Nick Denton has announced some major changes to the leadership structure at Gawker Media. Instead of Denton having all the oversight, a collective of seven managing partners (including Denton) “will consult on major matters such as tech investments and the reassignment of department heads,” according to a memo. NYT The move was in part because of the company’s editorial failures in the last year. Denton said he would stay on as chief executive and remain involved in the company’s future, but that recent failures in management had shown he needed more support. Politico / Dylan Byers on Media The move, Denton said, was part of an effort to scale back his day-to-day managerial roles and return to blogging, which he called “the only truly new media in the age of the Web” and “the essential act of journalism in an interactive and conversational age.” The move also suggests that Gawker Media may be gearing up for an acquisition or merger of some sort. Denton said that no such activity was afoot. GigaOM The new management structure will make it easier to respond to the increasing competitive threat from sites like BuzzFeed and Vox, Denton said, since decisions will be made by the committee as a whole rather than everyone having to try and get the founder’s attention at the same time. The new group includes former Deadspin editor Tommy Craggs as head of editorial operations, effectively replacing editor-in-chief Joel Johnson, who announced recently that he had been fired. Capital New York The rest of the managing board includes president Heather Dietrick, chief strategy officer Erin Pettigrew, advertising head Andrew Gorenstein, chief operating officer Scott Kidder and chief technology officer Tom Plunkett, who will continue to work on the product side but shed the title of CTO. The memo also mentions that Gawker’s revenues are up 30 percent year-over-year and the company has hired Paul Sundue to head Studio@Gawker, the company’s in-house native advertising agency.

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Morning Media Newsfeed: 16 Million Watch Ferguson Grand Jury | Orman to Leave CNBC

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16 Million Tune in to Cable News for Ferguson Grand Jury Announcement (TVNewser)
The news surrounding the grand jury’s decision in the Darren Wilson case gave cable news channels a ratings surge Monday. While the decision had been reached by mid-afternoon, news channels had seven hours to consider the result as it was not announced until the 9 p.m. ET hour, when daytime viewership peaked. Capital New York During the 9 p.m. hour, when the decision was revealed, Fox News averaged 7.26 million total viewers, including 2.19 million adults 25 to 54. CNN averaged 6.26 million total viewers, including 3.16 million adults 25-54, and MSNBC averaged 2.20 million total viewers, including 742,000 adults aged 25 to 54. Mediaite The peak for CNN came not at 9 p.m. when the decision was announced, but instead during the second half of the 10 p.m. hour when the network reached 3.558 million demo viewers. With 7.256 million viewers during the 9 p.m. hour, Fox’s The Kelly File was the overall winner for the night. Variety Both The Kelly File and Hannity scored all-time highs in terms of overall viewers and audience in the advertiser-desired demo of 25 to 54. CNN’s Anderson Cooper was able to trump Fox News’ Megyn Kelly in the 25-to-54 demo at 9 p.m. In late-night viewership, CNN lured more viewers overall and in the demo at both 11 p.m. and midnight, according to Nielsen. THR / The Live Feed Many TV networks chimed in, with some broadcast nets interrupting primetime with President Obama’s remarks on the matter and each of the cable news outlets covering it well into the night. Some segments from the center of the embattled town even got too close, with CNN’s Sara Sidner being hit with a rock on air.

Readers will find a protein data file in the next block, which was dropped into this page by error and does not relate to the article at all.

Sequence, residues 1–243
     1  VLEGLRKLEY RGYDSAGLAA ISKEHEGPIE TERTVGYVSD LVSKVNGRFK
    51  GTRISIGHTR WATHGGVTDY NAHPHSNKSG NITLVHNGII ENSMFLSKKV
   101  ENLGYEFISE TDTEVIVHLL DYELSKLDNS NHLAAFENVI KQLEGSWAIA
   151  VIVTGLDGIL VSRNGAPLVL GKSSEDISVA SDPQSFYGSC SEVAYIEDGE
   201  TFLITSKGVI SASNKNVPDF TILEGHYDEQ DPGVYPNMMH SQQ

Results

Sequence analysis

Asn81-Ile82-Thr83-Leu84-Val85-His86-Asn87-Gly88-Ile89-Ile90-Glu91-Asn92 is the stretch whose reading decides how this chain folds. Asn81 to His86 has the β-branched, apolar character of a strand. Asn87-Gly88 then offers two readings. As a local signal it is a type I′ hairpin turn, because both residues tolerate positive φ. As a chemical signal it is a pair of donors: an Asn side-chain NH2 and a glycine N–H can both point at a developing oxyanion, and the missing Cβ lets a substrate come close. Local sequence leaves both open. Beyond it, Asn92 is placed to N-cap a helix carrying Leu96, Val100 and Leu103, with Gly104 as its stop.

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Morning Media Newsfeed: TV News Covers Republican Sweep | Time Inc. Revenue Up

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TV News Covers Republican Congressional Takeover (Mediaite)